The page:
Born: Circa 130, in Pergamum, Asia Minor
Died: Circa 199, perhaps in Rome
Galen is considered the most influential ancient physician after Hippocrates. His name in Latin is Claudius Galenus and his name in Greek is Claudios Galenos. His findings about how the body works has dominated medical studies for 1400 years. Galen produced over five hundred tracts on medicine, philosophy and ethics. Many of the works written in Greek are no longer in existence, but translated versions still exist.
Galen was the son of a gifted architect. He was born in Pergamum, where many Romans traveled in the hopes of improving their health at the shrine of the healing god, Asclepius. Galen learned healing practices at the medical school, which was part of the shrine. As part of his education, he studied Platonism, Aristotelianism, Epicureanism and Stoicism.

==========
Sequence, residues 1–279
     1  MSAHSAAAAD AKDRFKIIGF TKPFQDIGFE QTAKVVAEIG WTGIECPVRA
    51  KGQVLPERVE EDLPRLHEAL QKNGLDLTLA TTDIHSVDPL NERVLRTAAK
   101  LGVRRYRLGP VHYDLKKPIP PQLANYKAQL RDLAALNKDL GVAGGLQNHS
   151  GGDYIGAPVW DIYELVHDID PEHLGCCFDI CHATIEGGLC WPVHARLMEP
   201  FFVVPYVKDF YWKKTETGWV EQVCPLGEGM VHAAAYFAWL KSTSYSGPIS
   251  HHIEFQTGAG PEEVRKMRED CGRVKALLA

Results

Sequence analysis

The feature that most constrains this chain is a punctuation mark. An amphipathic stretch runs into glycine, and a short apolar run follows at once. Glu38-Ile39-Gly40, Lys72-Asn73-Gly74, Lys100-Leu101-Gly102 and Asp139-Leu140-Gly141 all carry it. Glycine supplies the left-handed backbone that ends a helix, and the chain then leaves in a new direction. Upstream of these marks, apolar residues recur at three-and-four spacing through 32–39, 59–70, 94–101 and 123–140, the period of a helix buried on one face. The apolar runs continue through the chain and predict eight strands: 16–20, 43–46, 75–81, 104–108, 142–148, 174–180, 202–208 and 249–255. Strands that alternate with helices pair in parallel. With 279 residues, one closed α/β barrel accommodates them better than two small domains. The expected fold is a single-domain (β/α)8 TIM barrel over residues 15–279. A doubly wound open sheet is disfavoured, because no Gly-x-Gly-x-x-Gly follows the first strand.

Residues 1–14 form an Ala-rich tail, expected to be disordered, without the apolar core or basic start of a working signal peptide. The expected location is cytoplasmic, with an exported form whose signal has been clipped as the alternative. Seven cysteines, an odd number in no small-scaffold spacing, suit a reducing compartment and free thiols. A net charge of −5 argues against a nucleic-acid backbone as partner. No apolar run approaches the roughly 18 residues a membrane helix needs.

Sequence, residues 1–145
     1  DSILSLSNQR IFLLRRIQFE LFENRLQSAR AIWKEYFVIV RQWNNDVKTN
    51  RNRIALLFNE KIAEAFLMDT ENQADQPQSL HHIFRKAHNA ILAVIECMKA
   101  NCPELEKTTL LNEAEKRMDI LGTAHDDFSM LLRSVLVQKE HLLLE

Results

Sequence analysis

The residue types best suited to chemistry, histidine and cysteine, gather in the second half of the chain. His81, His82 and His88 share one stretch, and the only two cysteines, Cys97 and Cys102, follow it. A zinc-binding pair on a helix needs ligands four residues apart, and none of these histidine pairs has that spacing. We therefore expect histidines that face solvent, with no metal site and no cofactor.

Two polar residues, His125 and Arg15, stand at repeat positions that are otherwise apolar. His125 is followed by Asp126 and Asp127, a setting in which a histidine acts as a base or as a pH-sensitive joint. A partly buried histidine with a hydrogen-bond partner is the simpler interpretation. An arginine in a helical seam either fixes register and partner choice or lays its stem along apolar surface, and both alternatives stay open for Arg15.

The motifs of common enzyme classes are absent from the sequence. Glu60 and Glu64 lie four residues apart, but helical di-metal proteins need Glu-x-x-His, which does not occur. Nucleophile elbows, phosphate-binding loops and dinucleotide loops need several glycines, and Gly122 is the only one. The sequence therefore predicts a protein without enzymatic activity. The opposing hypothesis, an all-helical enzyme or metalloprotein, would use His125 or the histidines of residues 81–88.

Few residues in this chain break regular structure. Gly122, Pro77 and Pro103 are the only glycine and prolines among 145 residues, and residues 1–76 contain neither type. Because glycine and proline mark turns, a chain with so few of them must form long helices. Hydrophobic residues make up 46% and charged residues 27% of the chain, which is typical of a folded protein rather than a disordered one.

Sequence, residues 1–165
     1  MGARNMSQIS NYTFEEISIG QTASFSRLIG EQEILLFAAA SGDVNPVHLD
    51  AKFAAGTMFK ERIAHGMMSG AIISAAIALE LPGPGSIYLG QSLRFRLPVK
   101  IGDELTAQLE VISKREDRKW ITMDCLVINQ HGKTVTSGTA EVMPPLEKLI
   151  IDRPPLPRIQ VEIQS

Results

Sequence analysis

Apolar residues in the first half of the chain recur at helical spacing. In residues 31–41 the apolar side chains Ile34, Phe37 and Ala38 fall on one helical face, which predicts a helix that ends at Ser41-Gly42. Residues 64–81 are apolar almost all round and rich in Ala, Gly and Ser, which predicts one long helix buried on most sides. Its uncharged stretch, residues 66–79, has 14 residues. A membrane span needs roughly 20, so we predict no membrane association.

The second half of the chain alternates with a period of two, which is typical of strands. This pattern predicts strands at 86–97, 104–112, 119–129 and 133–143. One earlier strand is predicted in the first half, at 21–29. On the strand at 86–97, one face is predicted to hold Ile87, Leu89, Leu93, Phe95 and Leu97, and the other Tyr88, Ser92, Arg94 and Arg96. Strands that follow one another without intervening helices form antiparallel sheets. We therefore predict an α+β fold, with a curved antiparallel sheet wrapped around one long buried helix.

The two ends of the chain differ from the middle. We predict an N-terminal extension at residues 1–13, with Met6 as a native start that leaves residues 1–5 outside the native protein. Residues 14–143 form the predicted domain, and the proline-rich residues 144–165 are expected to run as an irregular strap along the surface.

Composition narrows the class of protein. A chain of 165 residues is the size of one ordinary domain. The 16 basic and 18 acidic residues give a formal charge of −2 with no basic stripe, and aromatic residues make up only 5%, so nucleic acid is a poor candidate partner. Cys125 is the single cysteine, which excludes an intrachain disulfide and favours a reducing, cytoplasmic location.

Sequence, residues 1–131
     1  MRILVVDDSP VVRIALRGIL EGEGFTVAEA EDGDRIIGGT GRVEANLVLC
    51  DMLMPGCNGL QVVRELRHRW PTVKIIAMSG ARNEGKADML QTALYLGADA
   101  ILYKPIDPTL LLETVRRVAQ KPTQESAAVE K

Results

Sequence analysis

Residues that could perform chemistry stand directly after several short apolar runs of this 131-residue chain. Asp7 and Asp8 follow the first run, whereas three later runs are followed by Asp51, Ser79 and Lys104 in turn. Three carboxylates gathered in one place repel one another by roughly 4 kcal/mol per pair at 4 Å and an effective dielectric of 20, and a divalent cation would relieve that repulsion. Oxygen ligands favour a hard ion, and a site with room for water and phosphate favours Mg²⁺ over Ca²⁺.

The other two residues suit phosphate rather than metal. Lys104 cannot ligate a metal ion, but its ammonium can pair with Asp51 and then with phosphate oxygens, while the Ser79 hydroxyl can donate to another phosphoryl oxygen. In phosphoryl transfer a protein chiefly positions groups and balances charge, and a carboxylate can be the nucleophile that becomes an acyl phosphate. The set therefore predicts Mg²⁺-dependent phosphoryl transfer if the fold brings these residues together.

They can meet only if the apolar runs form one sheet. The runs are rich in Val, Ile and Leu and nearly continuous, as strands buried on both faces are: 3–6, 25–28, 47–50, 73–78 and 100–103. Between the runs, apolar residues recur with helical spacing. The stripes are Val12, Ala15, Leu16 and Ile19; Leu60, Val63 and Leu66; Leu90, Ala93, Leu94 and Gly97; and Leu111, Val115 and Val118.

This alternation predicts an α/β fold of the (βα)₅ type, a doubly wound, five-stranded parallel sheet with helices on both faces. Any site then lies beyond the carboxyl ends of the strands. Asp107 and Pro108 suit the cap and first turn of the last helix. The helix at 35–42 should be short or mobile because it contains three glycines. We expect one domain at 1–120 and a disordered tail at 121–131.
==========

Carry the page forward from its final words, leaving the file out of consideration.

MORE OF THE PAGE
His formal medical education took place in Smyrna in Asia Minor, Corinth in Greece, and Alexandria in Egypt. He traveled extensively to gain a comprehensive understanding of the medical field. He then returned to Galen in 157 to be chief physician and then moved to Rome to become a personal physician to emperors and nobles. He was envied by other doctors as he earned a reputation of being able to cure the incurable.
He briefly left Rome in 166 when the city was struck by the plague. On his return, he was appointed the personal physician to the heir to the throne. This appointment gave him the time and resources to experiment. Very little is known about his life after this time.
As a medic, Galen was one of the first to have dissected both live and dead animals. He is noted for showing that muscles were controlled by the brain and how they work. Among many other achievements, he also proved that arteries did not carry air, as had been the belief for the previous four centuries. As a philospher, Galen followed Aristotle's view that there is a reason for everything and that to understand God's purpose, one must study nature.